On June 30, 1940, a Starr was born in Chicago. Her story is part of the story of the Daily News, which will celebrate 100 years on June 26, 2019.
This part of the story starts with an illustrator with the last name of Messick whose then-boyfriend — Pulitzer-winning News editorial cartoonist C.D. Batchelor — called her Dalia, as did everyone else.
At a glorious time when growing newspapers needed more comics, he told her about a Chicago Tribune-New York Daily News Syndicate contest for new strips, and she submitted one about a pirate with a striking resemblance to Rita Hayworth.
Syndicate owner and News founding publisher Captain Joseph Medill Patterson, hands-on with his funny pages and strictly opposed to women cartoonists, threw it in the trash. His top assistant, Mollie Slott, fished it out and suggested to the artist that she change the pirate to a reporter, and Dalia to Dale.
With those changes made, “Brenda Starr, Reporter” debuted in the Chicago Tribune in 1940. Its mix of fashion, action and romance was picked up by hundreds of papers and read by millions of men and women, as a generation of girls cut out the paper dolls printed with the Sunday comics.
For all that, the Captain stuck to his sexist guns when it came to his paper. It wasn’t until 1948, two years after he died, that The News finally introduced New Yorkers to “the story of a glamorous newspaper gal” whose “pin-up pulchritude wrecks hearts while the presses roar” as she “tracks down crooks, cracks spy rings and captures scoundrels.”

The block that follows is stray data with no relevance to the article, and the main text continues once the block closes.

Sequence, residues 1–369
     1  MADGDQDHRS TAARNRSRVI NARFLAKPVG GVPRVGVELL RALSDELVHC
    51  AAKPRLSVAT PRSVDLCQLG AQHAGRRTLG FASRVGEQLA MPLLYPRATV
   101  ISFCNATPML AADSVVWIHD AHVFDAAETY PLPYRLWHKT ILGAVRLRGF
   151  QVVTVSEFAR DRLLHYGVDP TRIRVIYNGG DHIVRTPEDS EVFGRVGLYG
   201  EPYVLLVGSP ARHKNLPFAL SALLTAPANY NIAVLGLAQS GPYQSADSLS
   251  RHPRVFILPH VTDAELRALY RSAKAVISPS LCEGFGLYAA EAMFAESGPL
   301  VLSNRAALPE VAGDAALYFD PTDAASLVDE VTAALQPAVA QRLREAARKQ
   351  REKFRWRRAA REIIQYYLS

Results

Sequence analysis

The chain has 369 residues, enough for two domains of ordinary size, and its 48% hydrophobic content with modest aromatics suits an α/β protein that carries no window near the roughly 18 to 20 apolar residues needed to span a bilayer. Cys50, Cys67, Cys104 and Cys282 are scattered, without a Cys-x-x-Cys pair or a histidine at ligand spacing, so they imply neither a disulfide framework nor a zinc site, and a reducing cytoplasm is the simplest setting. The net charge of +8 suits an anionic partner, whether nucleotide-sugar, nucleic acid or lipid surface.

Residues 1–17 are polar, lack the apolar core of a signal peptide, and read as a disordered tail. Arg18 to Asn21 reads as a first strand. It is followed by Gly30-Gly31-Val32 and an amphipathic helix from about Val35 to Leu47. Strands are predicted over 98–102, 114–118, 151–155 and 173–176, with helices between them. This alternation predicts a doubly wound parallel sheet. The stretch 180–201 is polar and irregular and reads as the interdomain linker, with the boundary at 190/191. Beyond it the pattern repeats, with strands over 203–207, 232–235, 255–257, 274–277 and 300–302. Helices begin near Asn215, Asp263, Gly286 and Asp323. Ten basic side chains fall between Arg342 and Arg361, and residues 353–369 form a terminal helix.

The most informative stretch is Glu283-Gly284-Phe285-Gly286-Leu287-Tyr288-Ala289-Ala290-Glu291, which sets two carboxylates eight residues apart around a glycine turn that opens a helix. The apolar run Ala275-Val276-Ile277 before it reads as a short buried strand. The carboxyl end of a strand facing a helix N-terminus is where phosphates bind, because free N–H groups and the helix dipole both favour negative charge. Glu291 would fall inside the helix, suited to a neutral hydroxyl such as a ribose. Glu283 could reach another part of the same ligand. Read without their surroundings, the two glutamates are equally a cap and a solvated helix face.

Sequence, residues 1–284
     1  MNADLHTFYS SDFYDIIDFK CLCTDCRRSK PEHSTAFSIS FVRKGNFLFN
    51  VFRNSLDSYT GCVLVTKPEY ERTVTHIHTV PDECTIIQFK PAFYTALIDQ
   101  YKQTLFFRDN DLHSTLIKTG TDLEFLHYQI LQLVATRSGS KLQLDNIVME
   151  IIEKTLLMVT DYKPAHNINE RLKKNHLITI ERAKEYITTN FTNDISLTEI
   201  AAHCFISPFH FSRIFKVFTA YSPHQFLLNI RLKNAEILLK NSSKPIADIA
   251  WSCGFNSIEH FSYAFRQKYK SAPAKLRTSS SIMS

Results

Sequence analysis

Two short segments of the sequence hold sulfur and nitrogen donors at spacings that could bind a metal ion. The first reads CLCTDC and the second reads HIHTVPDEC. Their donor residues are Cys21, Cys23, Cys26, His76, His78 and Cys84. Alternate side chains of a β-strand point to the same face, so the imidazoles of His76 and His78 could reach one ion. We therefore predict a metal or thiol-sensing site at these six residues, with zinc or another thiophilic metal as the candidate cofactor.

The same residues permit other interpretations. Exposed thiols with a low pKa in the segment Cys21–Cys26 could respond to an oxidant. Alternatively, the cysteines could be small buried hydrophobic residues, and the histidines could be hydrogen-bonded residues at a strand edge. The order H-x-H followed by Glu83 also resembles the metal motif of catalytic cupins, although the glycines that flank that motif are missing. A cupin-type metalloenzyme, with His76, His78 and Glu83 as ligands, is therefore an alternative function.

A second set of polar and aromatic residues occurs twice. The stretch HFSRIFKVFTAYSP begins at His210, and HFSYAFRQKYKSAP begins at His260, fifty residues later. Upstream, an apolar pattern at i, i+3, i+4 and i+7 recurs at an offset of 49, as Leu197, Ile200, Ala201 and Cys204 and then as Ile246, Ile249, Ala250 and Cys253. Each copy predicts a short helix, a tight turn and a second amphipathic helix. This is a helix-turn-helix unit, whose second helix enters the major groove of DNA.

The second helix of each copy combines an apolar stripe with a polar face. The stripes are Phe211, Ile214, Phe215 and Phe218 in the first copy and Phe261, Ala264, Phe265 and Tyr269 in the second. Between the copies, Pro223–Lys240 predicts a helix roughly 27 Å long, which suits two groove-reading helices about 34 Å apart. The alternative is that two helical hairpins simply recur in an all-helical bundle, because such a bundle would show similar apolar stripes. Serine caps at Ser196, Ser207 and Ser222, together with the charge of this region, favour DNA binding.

As writer R.C. Baker noted in The Comics Journal, Messick, who could be a loose writer (like when she had Starr file her copy to the cleaning lady) and illustrator (“the hand of fate,” she’d say when asked about a hand that had remained on a woman’s shoulder after she’d redrawn a panel to move the rest of him), had a gift for showing the heart of things.
In a man’s world, Messick’s woman got the scoops, and often the man, too — all while apartment-hunting with her cousin, talking back to editors who’d sometimes try to push her into competition with other female reporters, and fending off unwanted advances.
When men would write Dale requesting more “daring” drawings of the sexy reporter, she’d send them a sketch of Starr in a barrel going over Niagara Falls: “I hope this is daring enough.”
Messick — who’d introduce herself as Brenda Starr’s mother and who’d dyed her own hair red — named her real-life daughter Starr. Looking back on her pregnancy, Messick recalled: “It was throw up, draw ‘Brenda,’ throw up, draw ‘Brenda.’ ”
Some of those drawings, from a story where Starr tracks down a wrench-wielding robber who turns out to be a scared and scarred teenage girl living with her dad in a junkyard, can be seen through this week at Manhattan’s Museum of Illustration. They came from Laura Rohrman, whose play about her grandmother and her grandmother’s creation, “Reporter Girl,” will be read there Wednesday evening.
Messick drew the strip until 1980 and scripted in until 1982, when the syndicate — where she said “I never was really accepted” as its first female creator — “pushed me out.”
In 2010, five years after Messick passed away at 98, Starr — a year after her paper had laid her off — left the funny pages, months after Cathy gave her last “ack!” and Little Orphan Annie her last “leapin’ lizards!”
“I am Brenda Starr,” Messick would say. “Brenda is the glamorous girl I wished I was. She’s what most women wish they were and what most men wish their women were, too. Whenever I hear from real reporters, they would all say their lives weren’t as interesting as Brenda’s. Who would have read ‘Brenda’ if it was real life?”